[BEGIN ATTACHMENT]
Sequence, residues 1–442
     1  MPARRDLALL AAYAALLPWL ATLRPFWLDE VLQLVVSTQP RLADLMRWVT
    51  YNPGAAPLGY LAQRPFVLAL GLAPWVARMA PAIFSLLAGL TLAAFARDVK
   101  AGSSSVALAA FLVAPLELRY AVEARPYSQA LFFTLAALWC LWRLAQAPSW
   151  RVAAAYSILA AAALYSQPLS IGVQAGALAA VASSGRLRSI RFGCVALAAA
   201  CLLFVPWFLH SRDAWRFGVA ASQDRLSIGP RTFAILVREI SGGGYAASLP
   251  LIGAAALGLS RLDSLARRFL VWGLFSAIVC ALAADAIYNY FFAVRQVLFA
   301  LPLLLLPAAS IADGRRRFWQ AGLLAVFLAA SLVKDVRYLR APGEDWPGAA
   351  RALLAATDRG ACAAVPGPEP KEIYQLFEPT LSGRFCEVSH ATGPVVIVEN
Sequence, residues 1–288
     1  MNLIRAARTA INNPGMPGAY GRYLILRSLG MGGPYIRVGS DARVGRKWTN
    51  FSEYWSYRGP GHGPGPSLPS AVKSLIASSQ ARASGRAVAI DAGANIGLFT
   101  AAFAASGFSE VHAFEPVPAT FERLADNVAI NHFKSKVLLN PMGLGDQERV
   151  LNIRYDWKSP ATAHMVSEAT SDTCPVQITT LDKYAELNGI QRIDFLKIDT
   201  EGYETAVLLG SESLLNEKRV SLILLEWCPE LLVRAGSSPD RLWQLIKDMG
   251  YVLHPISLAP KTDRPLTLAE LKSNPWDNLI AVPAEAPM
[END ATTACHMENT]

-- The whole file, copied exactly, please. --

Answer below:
Sequence, residues 1–442
     1  MPARRDLALL AAYAALLPWL ATLRPFWLDE VLQLVVSTQP RLADLMRWVT
    51  YNPGAAPLGY LAQRPFVLAL GLAPWVARMA PAIFSLLAGL TLAAFARDVK
   101  AGSSSVALAA FLVAPLELRY AVEARPYSQA LFFTLAALWC LWRLAQAPSW
   151  RVAAAYSILA AAALYSQPLS IGVQAGALAA VASSGRLRSI RFGCVALAAA
   201  CLLFVPWFLH SRDAWRFGVA ASQDRLSIGP RTFAILVREI SGGGYAASLP
   251  LIGAAALGLS RLDSLARRFL VWGLFSAIVC ALAADAIYNY FFAVRQVLFA
   301  LPLLLLPAAS IADGRRRFWQ AGLLAVFLAA SLVKDVRYLR APGEDWPGAA
   351  RALLAATDRG ACAAVPGPEP KEIYQLFEPT LSGRFCEVSH ATGPVVIVEN
Sequence, residues 1–288
     1  MNLIRAARTA INNPGMPGAY GRYLILRSLG MGGPYIRVGS DARVGRKWTN
    51  FSEYWSYRGP GHGPGPSLPS AVKSLIASSQ ARASGRAVAI DAGANIGLFT
   101  AAFAASGFSE VHAFEPVPAT FERLADNVAI NHFKSKVLLN PMGLGDQERV
   151  LNIRYDWKSP ATAHMVSEAT SDTCPVQITT LDKYAELNGI QRIDFLKIDT
   201  EGYETAVLLG SESLLNEKRV SLILLEWCPE LLVRAGSSPD RLWQLIKDMG
   251  YVLHPISLAP KTDRPLTLAE LKSNPWDNLI AVPAEAPM